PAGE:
Can I use my deposit as payment for the month’s rent? I will be a bit behind because of some financial harships. My husband lost his job and we have children to feed and sent to school. Do you think my landlord will accept this request? I don?t want to be served with a 3-day notice.


Anonymous

February 8th, 2013 2:40 am

Why not just pay up ontime instead of being bugged down with accumulated rent plus penalties and other charges? I think your rent is just as important as the rest of your expenses. Besides, rental history is I think part of your credit rating so it’s actually more important than what you think.


Anonymous

February 8th, 2013 10:00 pm

Hmm.. This is interesting. So apparently, I have a reason to file for a complaint since my landlord locked me out 3 days after he sent me the notice. I will do that right now. Thanks!


Anonymous

February 9th, 2013 5:20 pm

If I move out, will my landlord still evict me? I don’t think so but am I right? I just want to be sure. Also, I know that I would have to pay rent but can I do that after I leave?


Anonymous

February 10th, 2013 1:00 pm

I just want to share that if you want to move out once served with the 3-day notice, it is best to leave the place in excellent condition. Damages should be repaired, if there are any. If you do these, most landlords may just write it off and then move forward. The problem is, you might not get your deposit back but that may also mean that you won’t owe anything either. So it just depends on how you negotiate with your landlord. If you are not very good at negotiations,then yes, I think the RPA is a great organization that can help you out.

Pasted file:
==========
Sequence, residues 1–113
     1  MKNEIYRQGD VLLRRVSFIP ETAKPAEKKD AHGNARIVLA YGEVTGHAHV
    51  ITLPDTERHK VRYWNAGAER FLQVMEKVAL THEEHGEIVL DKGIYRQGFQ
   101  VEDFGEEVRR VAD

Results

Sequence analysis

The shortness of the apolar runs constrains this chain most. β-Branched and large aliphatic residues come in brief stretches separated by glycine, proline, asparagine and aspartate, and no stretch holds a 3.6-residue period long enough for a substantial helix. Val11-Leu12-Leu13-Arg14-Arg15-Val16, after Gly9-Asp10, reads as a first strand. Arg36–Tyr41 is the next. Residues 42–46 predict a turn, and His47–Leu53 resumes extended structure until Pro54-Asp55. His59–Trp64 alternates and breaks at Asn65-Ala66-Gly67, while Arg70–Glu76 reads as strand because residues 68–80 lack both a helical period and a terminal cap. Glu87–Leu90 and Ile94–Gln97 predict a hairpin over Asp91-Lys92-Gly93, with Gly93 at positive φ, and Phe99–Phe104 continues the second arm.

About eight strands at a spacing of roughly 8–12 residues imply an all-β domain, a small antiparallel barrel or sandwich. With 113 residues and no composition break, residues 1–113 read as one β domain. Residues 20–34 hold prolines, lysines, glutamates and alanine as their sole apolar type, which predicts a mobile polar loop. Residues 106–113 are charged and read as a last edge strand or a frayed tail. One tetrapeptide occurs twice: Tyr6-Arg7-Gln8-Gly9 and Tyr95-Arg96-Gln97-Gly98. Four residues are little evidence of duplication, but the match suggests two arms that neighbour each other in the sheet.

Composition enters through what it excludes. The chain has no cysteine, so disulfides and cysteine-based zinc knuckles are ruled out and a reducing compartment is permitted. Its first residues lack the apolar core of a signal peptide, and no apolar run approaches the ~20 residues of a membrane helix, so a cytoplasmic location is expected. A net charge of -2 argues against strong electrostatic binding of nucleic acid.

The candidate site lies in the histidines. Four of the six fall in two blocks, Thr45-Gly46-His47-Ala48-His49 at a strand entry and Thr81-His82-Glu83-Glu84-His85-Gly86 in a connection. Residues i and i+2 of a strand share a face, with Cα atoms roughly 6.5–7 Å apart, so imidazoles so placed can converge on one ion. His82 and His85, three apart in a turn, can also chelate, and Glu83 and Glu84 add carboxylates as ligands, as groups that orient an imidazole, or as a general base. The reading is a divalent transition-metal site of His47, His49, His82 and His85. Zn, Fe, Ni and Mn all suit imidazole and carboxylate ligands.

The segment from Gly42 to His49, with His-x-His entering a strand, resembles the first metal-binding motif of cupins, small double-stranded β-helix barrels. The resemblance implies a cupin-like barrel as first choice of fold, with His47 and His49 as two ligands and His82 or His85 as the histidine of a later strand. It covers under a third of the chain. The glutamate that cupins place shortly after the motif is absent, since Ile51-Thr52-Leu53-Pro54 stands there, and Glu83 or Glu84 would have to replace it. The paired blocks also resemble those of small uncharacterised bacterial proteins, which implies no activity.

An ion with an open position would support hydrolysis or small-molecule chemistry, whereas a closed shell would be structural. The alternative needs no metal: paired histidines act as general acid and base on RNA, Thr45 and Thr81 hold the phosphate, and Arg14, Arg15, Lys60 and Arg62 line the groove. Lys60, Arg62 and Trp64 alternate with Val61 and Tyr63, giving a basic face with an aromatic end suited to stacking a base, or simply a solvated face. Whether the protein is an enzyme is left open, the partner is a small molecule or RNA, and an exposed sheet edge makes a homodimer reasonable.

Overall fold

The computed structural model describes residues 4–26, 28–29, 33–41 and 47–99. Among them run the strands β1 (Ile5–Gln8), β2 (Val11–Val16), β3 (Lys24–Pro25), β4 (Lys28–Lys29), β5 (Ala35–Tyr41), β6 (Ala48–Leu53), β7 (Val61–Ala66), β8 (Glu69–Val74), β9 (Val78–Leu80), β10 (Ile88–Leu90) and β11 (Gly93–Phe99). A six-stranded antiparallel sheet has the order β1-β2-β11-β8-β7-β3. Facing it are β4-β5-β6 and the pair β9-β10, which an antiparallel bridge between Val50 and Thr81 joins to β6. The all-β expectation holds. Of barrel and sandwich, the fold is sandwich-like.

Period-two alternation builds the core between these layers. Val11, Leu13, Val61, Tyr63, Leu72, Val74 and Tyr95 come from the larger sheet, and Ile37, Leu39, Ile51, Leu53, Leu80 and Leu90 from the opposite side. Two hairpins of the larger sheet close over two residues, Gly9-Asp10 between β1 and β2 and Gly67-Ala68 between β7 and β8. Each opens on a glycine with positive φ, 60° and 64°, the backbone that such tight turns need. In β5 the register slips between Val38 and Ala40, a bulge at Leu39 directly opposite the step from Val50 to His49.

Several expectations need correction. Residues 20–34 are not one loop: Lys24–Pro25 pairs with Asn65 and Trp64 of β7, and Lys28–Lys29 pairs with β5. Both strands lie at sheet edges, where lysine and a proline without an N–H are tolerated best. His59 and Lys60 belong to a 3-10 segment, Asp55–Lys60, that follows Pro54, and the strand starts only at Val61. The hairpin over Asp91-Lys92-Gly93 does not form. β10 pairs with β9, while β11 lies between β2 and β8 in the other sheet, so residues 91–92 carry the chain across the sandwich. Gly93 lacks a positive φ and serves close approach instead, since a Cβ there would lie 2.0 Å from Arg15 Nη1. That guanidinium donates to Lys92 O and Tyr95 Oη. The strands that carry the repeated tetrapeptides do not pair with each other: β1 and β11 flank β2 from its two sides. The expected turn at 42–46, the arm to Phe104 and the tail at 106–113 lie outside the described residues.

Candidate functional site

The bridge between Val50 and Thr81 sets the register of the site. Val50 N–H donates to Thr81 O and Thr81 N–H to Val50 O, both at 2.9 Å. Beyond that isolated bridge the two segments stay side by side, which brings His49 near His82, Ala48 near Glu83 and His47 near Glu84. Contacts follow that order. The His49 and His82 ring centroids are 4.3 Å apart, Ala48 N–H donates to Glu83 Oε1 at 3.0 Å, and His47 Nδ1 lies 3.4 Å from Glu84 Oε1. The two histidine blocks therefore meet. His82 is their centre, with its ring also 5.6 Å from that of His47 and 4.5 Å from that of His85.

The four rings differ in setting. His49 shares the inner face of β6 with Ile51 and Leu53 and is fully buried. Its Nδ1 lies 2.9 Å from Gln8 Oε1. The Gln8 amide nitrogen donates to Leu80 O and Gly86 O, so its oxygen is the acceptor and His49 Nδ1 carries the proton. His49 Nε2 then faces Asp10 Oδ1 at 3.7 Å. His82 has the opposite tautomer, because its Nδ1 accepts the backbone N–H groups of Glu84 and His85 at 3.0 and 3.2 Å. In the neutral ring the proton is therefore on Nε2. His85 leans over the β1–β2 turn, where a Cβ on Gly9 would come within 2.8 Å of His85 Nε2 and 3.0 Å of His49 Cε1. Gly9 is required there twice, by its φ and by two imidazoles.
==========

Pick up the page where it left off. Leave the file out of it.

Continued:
Anonymous

February 11th, 2013 8:40 am

If you think that you’re going to be late with the month’s rent then it is best to talk to your landlord first. You need to explain the situation and hopefully, your landlord will give you an extension. However, do not expect that all landlords will be like that because they will treat the rental as their business. In case the negotiation does not work to your advantage and you feel that you have been injustly treated then you should file for a complaint with the RPA.


Anonymous

February 12th, 2013 4:20 am

Pay up or leave – simple as that. Why make it complicated? The landlord is just doing his business and if you are not being helpful, then he has no reason to still want you in the lease agreement.


Anonymous

February 13th, 2013 12:00 am

Why is it that nobody cares to leave their state information? The law depends on every state so there is no definite answer as to what will happen next or what you can legally do about it. Does the RPA know about the tenant law in every state? I hope that they do.


Anonymous

February 13th, 2013 10:40 pm

The RPA represents all 50 states so they should know what they’re doing.


Anonymous

February 14th, 2013 6:20 pm

Thank you for this very informative article! I had fun reading it and the fact that I am learning from your experience. Thank you so much.


Anonymous

February 15th, 2013 1:40 pm

So I would have to wait six months to a year before I could legally get my tenant out. Oh the joys of being a landlord!


Anonymous

February 16th, 2013 9:20 am

There are just so many laws protecting tenants, but what about the landlords? It’s not our fault that you couldn?t pay your rent on time. So stop acting like you’re the only victim here.


Anonymous

February 17th, 2013 5:00 am

Can I use my deposit as payment for the month’s rent? I will be a bit behind because of some financial harships. My husband lost his job and we have children to feed and sent to school. Do you think my landlord will accept this request? I don?t want to be served with a 3-day notice.